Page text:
Join the discussion: Independent & online learning

So you’re a university student. Stop and think about that for a moment. To get this far you will have put in a lot of hard work and hours, and you’ll also have developed some excellent study skills. You will have had to manage your time, motivate yourself, organise your notes, plan essays, write clearly, read critically and lots more.

But studying at university isn’t easy. In fact, it’s designed to challenge you, so that you have to adapt, grow and take your skills to the next level. On top of that, the current global crisis means that ways of teaching, learning and assessment are changing rapidly. You might be taking online classes, having online meetings with your supervisor and be preparing for online exams, all while being isolated from other students and the physical university environment.

While change can be unsettling, this is a great time to try out new things and take charge of your learning.

We’d like to invite you to join the discussion.

  • What works for you? Do you have any top tips for studying while social distancing? What great strategies or fantastic tools/ apps would you recommend?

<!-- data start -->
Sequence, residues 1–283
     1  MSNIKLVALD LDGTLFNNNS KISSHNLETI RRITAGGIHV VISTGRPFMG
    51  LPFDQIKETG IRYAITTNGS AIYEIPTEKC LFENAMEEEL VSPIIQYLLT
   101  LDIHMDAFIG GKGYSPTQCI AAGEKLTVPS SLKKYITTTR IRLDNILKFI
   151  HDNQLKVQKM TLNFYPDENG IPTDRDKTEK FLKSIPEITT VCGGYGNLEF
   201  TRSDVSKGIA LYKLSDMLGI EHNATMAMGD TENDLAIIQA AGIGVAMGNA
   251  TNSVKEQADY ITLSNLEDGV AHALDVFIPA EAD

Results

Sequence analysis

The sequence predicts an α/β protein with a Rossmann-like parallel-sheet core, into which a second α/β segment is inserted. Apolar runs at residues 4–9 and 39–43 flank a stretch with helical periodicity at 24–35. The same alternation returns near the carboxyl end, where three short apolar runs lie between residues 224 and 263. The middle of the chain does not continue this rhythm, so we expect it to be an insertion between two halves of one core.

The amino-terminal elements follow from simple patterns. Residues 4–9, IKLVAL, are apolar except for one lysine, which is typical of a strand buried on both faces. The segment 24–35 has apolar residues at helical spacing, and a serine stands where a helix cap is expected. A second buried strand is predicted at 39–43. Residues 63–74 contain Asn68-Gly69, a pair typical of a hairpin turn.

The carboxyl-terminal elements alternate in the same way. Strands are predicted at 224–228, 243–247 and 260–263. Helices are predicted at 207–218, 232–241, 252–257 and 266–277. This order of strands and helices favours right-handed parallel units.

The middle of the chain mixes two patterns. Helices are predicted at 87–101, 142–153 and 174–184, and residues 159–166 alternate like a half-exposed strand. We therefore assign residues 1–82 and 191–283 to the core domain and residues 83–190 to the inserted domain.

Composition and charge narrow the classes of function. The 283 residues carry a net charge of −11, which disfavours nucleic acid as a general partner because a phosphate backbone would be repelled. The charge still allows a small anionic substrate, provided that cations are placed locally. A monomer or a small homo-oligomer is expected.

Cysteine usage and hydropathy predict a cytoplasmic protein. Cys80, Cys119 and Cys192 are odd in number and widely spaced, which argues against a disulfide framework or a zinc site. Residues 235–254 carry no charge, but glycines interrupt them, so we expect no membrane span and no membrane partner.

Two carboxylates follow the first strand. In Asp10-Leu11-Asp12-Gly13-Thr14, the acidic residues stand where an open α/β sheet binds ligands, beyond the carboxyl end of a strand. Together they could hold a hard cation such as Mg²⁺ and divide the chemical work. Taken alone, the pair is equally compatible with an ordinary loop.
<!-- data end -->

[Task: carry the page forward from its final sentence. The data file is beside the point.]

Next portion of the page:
• What isn’t working? What are you finding hard about online learning? Where are you stuck? Do you have a question that other students might be able to answer?

Write a short (1-2 sentences) comment below. Feel free to pose questions and to respond to other comments. Please stay on topic and be respectful of others’ viewpoints (see house rules).

Illustration of a student with a large question mark over their head.
Image: Chris Dickason,

2 thoughts on “Join the discussion: Independent & online learning

  1. I’ve been social distancing in my room for more than a week as I came back from international travel. Thus far, I’m happy to say that my studies are going along well and the isolation is not affecting me as badly.

    I think what works for me is that I study consistently everyday for around 4-8 hours while making sure I do other stuff as well so I do not get bored or burnt out. As a personal example, I do yoga every morning/evening, watch my favourite series during meal times, chat with friends on breaks and also engage in my hobbies for a good 1-2 hours a day. I think the variety of activities really helps with adjusting to being contained in a room and makes studying less tedious!

    1. Honestly I think I’ve been exercising more in isolation than I would normally! I personally can’t study for that long, I tend to work in really short and sharp bursts, but I’m glad it works for you – the pomodoro technique is also a good one to try out if anyone else works in a similar way to me 🙂

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